There are several key concepts in ACES (and modern color management in general) that were novel to cinema professionals when they were first introduced in the late 2000s. They remain key in understanding ACES, so we review them here, and then use them frequently in the other tabs of these ACES pages.
Image state is a property of an image that describes whether its primary purpose is the representation of the scene being captured, or the depiction of the scene to some viewer. In a way, it describes the purpose of the image.
Scene colorimetry describes the luminances and hues of the real-world or synthetic objects that were photographed with a real or virtual camera. Display colorimetry describes the luminances and hues produced by the device that presents the reproduction of that scene to the viewer.
It may help to think of traditional photochemical filmmaking for a moment. The scene might be the set as lit by a cinematographer. The colors present on that set to a human observer are the scene colorimetry. The image state of the developed negative is (loosely speaking) said to be scene-referred. The image state of the film print is said to be display-referred or output-referred, and the image as it appears on the theater screen is presenting display colorimetry to the moviegoer.
In ACES there is considerable emphasis on assuring that the scene-referred image is as colorimetrically accurate as possible. If this were always done perfectly, then the ACES scene-referred images of a scene captured simultaneously by ARRI, SONY and Canon cameras would be identical. In practice, the images are not identical due to differences in dynamic range, in noise, and in the fine points of sensor design. That said, for that very large number of users who have tried to match the output of multiple types of cameras without having tools or theory to help them, ACES is something of a revelation — ACES brings such disparately-sourced images “within range” of each other, quickly, easily and consistently.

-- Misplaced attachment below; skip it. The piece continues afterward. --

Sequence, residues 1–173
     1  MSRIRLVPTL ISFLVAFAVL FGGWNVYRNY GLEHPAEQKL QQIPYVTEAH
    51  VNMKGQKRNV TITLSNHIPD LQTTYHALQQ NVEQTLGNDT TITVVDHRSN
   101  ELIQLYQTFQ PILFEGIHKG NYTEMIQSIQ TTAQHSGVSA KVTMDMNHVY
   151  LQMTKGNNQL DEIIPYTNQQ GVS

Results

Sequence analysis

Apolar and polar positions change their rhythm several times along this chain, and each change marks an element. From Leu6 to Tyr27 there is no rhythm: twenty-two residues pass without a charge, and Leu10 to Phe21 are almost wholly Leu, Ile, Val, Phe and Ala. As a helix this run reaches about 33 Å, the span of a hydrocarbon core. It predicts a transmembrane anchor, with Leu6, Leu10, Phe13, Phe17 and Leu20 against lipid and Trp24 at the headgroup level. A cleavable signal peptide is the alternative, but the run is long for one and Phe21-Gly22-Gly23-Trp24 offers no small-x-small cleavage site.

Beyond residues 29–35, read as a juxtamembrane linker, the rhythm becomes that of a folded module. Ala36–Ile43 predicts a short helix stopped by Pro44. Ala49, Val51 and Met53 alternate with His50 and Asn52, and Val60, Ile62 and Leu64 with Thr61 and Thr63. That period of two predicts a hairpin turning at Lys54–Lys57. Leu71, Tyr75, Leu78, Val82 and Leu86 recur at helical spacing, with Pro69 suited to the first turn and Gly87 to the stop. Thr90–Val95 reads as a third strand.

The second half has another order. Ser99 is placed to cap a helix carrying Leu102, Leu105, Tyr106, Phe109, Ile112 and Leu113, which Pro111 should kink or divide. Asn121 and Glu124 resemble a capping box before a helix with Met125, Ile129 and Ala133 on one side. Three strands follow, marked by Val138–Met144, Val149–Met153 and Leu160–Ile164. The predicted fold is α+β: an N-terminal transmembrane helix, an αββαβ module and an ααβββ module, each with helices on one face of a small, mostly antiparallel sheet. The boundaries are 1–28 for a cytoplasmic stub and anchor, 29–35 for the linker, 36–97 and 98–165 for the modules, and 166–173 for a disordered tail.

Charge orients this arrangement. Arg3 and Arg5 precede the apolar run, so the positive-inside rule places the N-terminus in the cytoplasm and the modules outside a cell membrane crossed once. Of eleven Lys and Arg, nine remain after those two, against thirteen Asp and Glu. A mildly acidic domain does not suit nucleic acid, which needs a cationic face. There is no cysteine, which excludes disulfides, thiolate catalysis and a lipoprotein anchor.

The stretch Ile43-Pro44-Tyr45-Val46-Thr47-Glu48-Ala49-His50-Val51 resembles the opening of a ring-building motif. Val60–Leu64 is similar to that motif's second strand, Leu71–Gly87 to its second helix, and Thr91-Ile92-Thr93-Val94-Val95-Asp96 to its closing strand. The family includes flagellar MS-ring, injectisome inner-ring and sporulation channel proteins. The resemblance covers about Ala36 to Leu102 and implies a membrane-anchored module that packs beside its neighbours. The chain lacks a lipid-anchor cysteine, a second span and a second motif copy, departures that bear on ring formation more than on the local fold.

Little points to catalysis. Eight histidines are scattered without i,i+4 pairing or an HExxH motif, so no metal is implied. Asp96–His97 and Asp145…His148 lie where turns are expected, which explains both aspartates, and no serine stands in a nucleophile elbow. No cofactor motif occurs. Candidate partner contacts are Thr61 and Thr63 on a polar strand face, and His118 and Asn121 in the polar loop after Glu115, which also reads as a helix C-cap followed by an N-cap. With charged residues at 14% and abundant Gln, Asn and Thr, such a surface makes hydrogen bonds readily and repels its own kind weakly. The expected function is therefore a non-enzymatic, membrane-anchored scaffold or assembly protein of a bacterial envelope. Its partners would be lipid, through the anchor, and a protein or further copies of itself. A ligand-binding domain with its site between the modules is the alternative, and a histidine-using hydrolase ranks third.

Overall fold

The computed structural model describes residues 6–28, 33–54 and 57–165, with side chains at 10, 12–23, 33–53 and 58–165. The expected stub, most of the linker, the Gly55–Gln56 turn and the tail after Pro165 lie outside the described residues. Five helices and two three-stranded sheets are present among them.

When the brightness of a display-referred image is much less than the brightness of the scene-referred image (think of the bright light on-set for beach scenes in a surfing movie, and then the relatively dim light of that movie when projected), just scaling the brightness of the colors doesn’t produce a very appealing image. To make the displayed image compelling, a rendering transform is used to convert scene colorimetry to display colorimetry.
This idea of rendering probably predates ACES by about five centuries; you can see a non-realistic but visually pleasing darkening of shadows and increase of highlight in Rembrandt’s The Night Watch (to take just one example).